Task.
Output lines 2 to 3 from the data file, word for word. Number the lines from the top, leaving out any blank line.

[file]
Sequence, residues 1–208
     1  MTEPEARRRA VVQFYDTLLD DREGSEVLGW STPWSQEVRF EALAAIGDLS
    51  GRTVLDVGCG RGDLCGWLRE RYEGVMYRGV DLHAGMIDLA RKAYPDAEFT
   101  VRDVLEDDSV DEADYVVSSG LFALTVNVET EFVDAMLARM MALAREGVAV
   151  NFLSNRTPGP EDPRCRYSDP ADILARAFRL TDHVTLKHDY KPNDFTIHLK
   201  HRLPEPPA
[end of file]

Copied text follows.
     1  MTEPEARRRA VVQFYDTLLD DREGSEVLGW STPWSQEVRF EALAAIGDLS
    51  GRTVLDVGCG RGDLCGWLRE RYEGVMYRGV DLHAGMIDLA RKAYPDAEFT